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Music Reviews

In The End It Always Does

The Japanese House
Released: 06.30.23
Review by Jack Rogers | July 4, 2023 at 10:00 AM

No one’s ever gonna love me like this dog lying in my lap

Capturing the ebb and flow of emotion in art is a musician’s biggest challenge. But to then try and do that with the bouquet of feelings that a break-up throws your way. That’s a whole other ball game. From heartbreak to hedonism. Chaos and catharsis. Apocalypse to acceptance. It is a rollercoaster that all of us will ride at least once in our lives. But to make those moments feel nuanced, human and vital. That is a talent reserved for the most immaculate of creators. And with In The End It Always Does, The Japanese House prove that they are in that very elite.

The second full-length from Amber Bain’s personal and powerful project is also the second time she has collaborated with The 1975’s George Daniel, co-producing alongside Chloe Kramer. Compared to where the band’s earlier work would lean – ethereal, dense, dramatic – this latest effort lets some of the sun peak through the cracks. There’s still an intimacy to the likes of the crisp “Morning Pages”, which features a spine-tingling appearance from MUNA. Then there’s the heart-wrenching “One for sorrow, two for Joni Jones“, incorporating swells and swirls of soft keys, off-kilter horns and breathless vocals. The more tender points of feeling broken and lost are delivered in a way that hits all the more potent and powerfully.

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But it’s in the expansions of the record where the most risks are taken that The Japanese House’s and Amber’s futures lie. “Touching Yourself” is playful and dancefloor-ready, not holding back in its sensual tension and lip-biting honesty. Then there’s “Over There”, which rips apart melodies and pieces them back together with the flair and finesse of Bon Iver at their most vibrant. “Boyhood” is throwback pop at its most colorful and crystalline and “Sunshine Baby“, which features Matty Healy, is the perfect song for every spontaneous road trip you’ll ever take again. All remarkable, all unique and all compelling in every sense.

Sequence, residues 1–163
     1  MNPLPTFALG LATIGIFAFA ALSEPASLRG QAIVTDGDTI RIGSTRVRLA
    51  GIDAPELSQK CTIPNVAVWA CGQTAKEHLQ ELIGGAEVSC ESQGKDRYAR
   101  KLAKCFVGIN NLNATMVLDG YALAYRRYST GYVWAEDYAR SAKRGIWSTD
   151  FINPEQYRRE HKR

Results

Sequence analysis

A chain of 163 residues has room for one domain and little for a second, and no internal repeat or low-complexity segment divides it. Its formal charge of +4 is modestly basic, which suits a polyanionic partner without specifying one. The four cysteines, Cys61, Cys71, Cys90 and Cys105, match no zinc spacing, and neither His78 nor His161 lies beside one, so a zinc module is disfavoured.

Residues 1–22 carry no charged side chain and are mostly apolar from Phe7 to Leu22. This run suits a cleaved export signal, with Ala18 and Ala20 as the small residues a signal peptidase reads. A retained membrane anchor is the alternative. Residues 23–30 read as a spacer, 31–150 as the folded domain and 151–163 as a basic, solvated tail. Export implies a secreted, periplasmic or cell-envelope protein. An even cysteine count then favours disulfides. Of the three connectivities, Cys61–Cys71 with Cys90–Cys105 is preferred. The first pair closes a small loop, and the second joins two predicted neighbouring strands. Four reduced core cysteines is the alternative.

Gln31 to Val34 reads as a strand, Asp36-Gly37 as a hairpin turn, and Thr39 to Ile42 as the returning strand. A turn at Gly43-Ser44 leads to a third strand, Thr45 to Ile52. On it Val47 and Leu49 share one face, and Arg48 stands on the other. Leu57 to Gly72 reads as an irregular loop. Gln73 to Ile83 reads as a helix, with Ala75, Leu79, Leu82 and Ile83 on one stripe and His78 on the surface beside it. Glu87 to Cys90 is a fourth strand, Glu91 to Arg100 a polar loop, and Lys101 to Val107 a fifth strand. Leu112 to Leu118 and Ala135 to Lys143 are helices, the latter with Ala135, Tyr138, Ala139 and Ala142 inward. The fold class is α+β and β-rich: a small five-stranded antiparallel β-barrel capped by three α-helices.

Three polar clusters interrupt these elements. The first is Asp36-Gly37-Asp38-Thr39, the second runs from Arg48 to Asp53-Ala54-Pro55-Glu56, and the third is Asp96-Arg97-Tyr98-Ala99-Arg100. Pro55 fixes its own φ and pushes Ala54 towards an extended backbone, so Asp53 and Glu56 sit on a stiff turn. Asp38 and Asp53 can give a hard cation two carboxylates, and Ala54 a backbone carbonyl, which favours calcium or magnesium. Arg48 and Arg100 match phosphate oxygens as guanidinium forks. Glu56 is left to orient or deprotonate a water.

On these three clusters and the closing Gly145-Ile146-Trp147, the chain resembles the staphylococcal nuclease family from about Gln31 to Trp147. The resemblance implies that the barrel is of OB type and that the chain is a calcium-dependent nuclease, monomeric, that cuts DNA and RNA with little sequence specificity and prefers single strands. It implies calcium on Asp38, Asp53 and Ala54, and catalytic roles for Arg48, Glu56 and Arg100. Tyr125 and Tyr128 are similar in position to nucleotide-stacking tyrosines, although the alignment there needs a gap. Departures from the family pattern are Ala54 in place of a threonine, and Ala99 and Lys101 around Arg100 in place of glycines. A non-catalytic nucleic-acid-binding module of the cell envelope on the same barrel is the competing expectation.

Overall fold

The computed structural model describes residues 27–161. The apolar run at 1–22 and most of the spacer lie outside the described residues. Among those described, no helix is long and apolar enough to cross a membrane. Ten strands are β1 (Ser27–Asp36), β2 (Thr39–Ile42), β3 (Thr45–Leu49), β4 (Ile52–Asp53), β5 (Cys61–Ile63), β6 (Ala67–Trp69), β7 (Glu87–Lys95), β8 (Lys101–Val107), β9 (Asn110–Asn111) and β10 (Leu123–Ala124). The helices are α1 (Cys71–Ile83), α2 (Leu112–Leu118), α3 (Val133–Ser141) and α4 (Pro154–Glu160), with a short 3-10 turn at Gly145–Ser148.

It’s in these moments of gorgeous joy that the healing factors of this album shine the brightest. A reminder that we are allowed to feel lost. But we are also allowed to get better. We’re allowed to question ourselves as much as we know what we are worth. It is the epitome of the human experience to live and to learn from what we go through, and The Japanese House achieve this by producing the sort of timeless songwriting that sticks to you like tar for the rest of your days.

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No matter where you are in your life or what you have been through, solace can be found in In The End It Always Does. A beautifully constructed, intimately performed and astonishingly affecting record. It will propel Amber Bain into the echelons of alternative folklore as much being part of the recovery of many a broken heart.

Buy it, Stream it, or Skip it?: Buy it. Treasure it and use it to soothe your soul in your most tender of moments.

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